July 1, 2018 | By Ted Kade

If you’ve had any doubts about the direction of the U.S. automotive market, remember to look to your left and right the next time you back out of a parking space.

Sure, you automatically do that for safety’s sake, but as you’re looking back and forth, more than likely you’ll also have the thought that many folks have these days. It goes something like: “How am I supposed to see any oncoming traffic as I back out? There’s a huge SUV parked on either side of me.”

Obviously, this parking lot scenario comes as no surprise as the market has been moving away from cars to SUVs, crossovers and pickup trucks for decades. There was a time when utility vehicles were generally owned by folks who went camping, hunting, fishing or off-roading, but now it’s readily apparent that these once-uncommon vehicles have become the market’s choice for daily drivers.

Still, it came as an unpleasant surprise when the Ford Motor Co. recently announced that it was dropping traditional sedans, including the Taurus, Fusion, Focus and Fiesta, from its U.S. lineup. By 2020, the Blue Oval’s car line will consist of only the Mustang and a crossover version of the Focus to be called the Focus Active. Beyond that, Ford’s business in the U.S. will concentrate on SUVs, pickups and the possibility for additional crossovers.

Here’s how the company expressed the major decision:

“... Ford will create long-term value by: Building a winning portfolio and focusing on products and markets where Ford can win. For example, by 2020, almost 90 percent of the Ford portfolio in North America will be trucks, utilities and commercial vehicles. Given declining consumer demand and product profitability, the company will not invest in next generations of traditional Ford sedans for North America. Over the next few years, the Ford car portfolio in North America will transition to two vehicles—the bestselling Mustang and the all-new Focus Active crossover coming out next year. The company is also exploring new ‘white space’ vehicle silhouettes that combine the best attributes of cars and utilities, such as higher ride height, space and versatility.”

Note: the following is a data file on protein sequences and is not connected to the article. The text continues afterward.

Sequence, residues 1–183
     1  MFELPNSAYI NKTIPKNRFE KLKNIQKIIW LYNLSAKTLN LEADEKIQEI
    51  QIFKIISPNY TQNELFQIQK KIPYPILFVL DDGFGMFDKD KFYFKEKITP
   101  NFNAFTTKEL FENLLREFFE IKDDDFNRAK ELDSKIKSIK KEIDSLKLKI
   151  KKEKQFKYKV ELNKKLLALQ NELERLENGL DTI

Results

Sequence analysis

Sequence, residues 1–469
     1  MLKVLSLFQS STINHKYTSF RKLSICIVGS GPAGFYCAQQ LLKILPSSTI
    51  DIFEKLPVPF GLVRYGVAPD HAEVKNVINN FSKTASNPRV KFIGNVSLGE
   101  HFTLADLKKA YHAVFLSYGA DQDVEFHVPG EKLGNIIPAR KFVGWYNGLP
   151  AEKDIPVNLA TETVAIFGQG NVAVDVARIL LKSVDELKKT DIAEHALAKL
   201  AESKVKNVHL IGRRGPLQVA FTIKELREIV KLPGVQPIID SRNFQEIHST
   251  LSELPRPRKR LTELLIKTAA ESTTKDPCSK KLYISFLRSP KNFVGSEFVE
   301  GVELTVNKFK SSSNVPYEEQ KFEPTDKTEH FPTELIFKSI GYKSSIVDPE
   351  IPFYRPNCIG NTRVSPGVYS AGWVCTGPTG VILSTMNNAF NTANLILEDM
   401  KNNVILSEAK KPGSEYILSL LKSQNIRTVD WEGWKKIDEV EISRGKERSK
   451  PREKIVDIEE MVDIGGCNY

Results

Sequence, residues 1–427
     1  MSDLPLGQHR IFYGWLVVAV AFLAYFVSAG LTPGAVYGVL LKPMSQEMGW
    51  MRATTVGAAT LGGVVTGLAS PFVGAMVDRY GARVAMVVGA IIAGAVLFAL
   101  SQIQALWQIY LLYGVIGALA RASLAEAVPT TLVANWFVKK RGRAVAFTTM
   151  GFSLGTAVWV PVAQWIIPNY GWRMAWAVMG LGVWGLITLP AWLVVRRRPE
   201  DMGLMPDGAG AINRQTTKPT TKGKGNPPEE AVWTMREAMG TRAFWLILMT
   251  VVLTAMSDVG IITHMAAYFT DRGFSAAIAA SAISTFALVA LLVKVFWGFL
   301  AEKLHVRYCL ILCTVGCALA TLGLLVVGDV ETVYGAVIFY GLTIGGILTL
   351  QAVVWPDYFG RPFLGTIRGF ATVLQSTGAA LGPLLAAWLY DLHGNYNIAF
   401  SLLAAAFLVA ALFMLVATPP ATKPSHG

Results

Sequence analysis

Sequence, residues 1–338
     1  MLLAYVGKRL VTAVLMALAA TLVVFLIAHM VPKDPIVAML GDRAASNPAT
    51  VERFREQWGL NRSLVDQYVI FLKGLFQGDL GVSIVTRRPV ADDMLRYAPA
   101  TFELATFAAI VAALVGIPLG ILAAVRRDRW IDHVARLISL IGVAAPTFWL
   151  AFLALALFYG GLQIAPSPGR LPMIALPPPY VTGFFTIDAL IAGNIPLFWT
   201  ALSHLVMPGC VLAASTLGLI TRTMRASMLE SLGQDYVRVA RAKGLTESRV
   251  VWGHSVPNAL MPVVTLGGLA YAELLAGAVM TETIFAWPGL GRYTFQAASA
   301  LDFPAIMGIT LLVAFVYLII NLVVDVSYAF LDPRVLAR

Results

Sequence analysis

And it’s not just Ford that’s moving away from the sedan market, either. Fiat Chrysler dropped its Dodge Dart and Chrysler 200 more than a year ago while General Motors has scaled back production of the Chevy Cruze and Impala, the Buick LaCrosse and the Cadillac ATS and CTS. Meanwhile, Cadillac, once known for nothing but luxury sedans, is rapidly shifting its emphasis toward more SUVs and crossovers.

OK, so it’s all a process of the automotive industry’s ongoing evolution. But if you’re of a certain age, you have to stop and reflect for a moment on the time when sedans were the backbone of the Big Three’s product offerings. Years ago, when you heard that someone on the block had a new car in their driveway, you immediately hustled over to admire the shiny sedan as the proud owner looked on with a pleased smile.

It’s a sentiment that’s vividly expressed in vintage ads such as the ones seen on this page. People praised the new sedans with enthusiastic statements such as “Seats Sofa-Wide,” and “Picture Window Visibility.” Stylish people posed with their gleaming sedans as they prepared to head off on an enjoyable outing while trim folks dressed for the great outdoors loaded their cars with sports equipment.

And now all of those enthusiastic, stylish and athletic people will be singing the praises of their favorite truck or SUV.

Well, that’s not completely the case. There certainly will be ads extolling the virtues of sedans from Toyota, Honda, Nissan and Hyundai, for example. So the supply of sedans hasn’t totally dried up.

Or you could take another approach and continue to maintain and use the vintage domestic sedan you’re currently driving. And think of it this way... You are now the proud owner of a vestige of American automotive history that’s becoming ever more rare with each passing year. –Ted Kade, Editor